A further small thought. If McGrath walked and Behan remained outside FF (big asks) then the numbers to re-establish a Technical Group with Sinn Féin and Tony Gregory would exist. It would alter not so much the composition as the tenor of the Dáil giving SF a more prominent role. Going to happen? I doubt it. But who knows?

Well, I asked one person who has seen these sort of things come and go, whether they thought this was a full blown crisis and their read was that more than likely it’ll be business – more or less – as normal by next week or so. They think that the sting may have been taken out of it. I don’t know. I guess we’ll see.

And something else to consider. I’ve been thinking a bit more about the contrast between McGrath and Gregory, and one might argue that Gregory had the great good luck to see the government which his deal sustained not last jig time in the end, allowing him to claim (entirely correctly) the glory with none of the messy compromises that an extended term would have entailed, and the consequent finger pointing. You know, that might be true not just of McGrath in this Dáil, but also the Green Party.

The Left Archive: Ireland: The Socialist Answer, Socialist Organiser, 1989 – Part 2 October 20, 2008

Posted by WorldbyStorm in Communist Party of Ireland, Irish Left Online Document Archive, Sinn Féin, Socialist Organiser, Socialist Party, Socialist Workers' Party, Workers' Party.
2 comments

As promised, and with an unexpected hiatus last week, the second part of Ireland: The Socialist Answer from Socialist Organiser.

The first part can be found here.

Just a further note. Consider that this document charts the views of all the significant left protagonists in Ireland at the time, from the Workers’ Party, the SWM, Militant, Sinn Féin, CPI and so on. And it also looks at the position of the British Labour Party and has contributions from Tony Benn.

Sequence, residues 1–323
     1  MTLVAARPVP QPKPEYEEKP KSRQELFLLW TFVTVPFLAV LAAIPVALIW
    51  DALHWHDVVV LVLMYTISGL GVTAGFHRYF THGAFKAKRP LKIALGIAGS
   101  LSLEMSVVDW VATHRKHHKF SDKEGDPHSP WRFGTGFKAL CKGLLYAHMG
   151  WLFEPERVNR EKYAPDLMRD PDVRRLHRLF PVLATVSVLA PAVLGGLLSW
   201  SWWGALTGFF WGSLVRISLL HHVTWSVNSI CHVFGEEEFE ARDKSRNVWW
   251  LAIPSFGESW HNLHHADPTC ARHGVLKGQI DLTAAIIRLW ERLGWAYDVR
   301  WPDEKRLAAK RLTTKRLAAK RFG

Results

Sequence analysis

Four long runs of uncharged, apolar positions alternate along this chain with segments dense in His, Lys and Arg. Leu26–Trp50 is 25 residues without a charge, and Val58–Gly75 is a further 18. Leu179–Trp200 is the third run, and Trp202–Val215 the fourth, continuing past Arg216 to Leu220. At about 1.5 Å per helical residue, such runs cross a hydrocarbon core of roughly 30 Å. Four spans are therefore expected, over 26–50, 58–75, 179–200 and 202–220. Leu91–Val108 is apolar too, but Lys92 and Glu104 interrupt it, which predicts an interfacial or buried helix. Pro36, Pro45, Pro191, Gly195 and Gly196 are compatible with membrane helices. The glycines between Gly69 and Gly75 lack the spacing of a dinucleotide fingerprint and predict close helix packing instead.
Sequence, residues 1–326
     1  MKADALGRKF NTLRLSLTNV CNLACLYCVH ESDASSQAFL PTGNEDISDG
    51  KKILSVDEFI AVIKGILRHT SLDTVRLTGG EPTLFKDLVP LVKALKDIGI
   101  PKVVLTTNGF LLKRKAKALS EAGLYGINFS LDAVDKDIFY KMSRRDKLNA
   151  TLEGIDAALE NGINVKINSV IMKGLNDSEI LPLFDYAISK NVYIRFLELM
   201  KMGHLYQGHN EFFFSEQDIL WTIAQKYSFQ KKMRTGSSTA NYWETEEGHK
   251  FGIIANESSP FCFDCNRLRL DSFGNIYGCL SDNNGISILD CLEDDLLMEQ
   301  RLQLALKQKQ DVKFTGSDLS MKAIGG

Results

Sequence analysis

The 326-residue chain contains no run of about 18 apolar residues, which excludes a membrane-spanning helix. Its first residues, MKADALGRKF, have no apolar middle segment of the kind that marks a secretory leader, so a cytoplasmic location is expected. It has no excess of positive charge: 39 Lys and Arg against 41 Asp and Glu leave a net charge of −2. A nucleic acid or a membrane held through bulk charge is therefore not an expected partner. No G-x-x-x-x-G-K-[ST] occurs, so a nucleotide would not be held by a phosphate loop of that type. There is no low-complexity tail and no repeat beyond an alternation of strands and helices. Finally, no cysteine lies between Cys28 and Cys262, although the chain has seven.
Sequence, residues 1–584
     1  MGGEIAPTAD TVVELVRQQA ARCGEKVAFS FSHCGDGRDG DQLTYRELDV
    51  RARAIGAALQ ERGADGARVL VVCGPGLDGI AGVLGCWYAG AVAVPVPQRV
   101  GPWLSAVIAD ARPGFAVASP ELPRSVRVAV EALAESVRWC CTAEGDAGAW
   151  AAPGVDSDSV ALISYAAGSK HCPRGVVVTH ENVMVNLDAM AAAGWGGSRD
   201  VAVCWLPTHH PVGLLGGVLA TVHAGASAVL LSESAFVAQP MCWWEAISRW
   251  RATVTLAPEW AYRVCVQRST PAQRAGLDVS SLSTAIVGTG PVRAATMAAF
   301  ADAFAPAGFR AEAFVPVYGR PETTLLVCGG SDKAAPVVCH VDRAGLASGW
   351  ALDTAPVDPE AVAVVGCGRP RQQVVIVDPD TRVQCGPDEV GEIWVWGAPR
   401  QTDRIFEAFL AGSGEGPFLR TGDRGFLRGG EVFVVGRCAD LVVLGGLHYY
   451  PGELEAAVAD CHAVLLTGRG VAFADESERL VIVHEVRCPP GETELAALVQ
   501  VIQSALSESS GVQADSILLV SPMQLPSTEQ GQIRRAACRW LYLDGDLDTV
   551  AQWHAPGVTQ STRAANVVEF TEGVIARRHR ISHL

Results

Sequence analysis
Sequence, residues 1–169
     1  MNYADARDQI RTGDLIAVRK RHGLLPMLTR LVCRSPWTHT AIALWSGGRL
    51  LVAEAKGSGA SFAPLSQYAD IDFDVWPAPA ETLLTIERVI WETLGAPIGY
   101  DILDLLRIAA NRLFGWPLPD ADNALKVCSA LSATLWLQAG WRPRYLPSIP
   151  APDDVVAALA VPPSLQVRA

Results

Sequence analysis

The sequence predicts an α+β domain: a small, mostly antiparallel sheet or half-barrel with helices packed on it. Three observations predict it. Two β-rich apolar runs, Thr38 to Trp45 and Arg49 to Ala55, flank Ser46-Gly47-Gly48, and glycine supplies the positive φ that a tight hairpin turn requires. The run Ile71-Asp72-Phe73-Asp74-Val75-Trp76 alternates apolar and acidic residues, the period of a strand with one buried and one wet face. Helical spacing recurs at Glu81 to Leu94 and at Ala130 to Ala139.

One may quibble with its conclusions, but it would appear to be the most comprehensive overview of the area produced at that time.

The files, as previously noted, are fairly large so I’ve broken them up for easier download.

Smaller files… fewer pages:

Pages 35 – 51 (file size – 6.9mbs): itsa-35-51

Pages 52 – 68 (file size – 7.2mbs): itsa-52-68

One big file…

Pages 35 – 68 (file size – 14.1mbs): itsa-35-68

Harney Chooses to Bail Out Private Hospitals While Savaging the Elderly October 19, 2008

Posted by guestposter in Health, Irish Politics, Social Policy, The Left.
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This is a very timely cross-post from the Irish Left Review. On a regular basis we hope to bring the best of the ILR to showcase the breadth of material available there…

This week, indignant old men and women have led a wave of unprecedented social protest in the national media. Next week, the same old men and women will take their protest to the streets. The government may fall.

The primary issue may be medical cards but the core value at the heart of the matter is the entire concept of the universality of welfare entitlements. Universality has become the battle-ground. Joe Behan has powerfully articulated the core Irish values long since jettisoned by Fianna Fáil. We may be witnessing the death throes of the Progressive Democrats, but the cancer of their neo-liberal ideology has spread.

Ms Harney, in particular, seems hell bent on ensuring that Ireland will not have the opportunity to transform itself into any form of egalitarian state, operating a Nordic-type social model, before she departs the scene. She wishes to dismantle the last remnants of the Irish welfare state.

What has been particularly striking about the budget debate in general is the absence of any protest about increased taxation by the wealthier members in society – as noted in the recent TASC survey, there has been a shift to the left among ABC1’s. There is an acceptance that the wealthier must pay more tax – this is simply no longer in dispute. No one is protesting about the cut in the ceiling for tax relief on private pensions or the 2% levy for higher earners. Higher earners themselves would probably support even more progressive taxation if it was clear that good public services and universal education and health care would be maintained. And the entire population seems to be unified in its outrage by, not just the threat to the universality of the medical card for the over 70’s, but also the application of the 1% levy to even the lowest earners.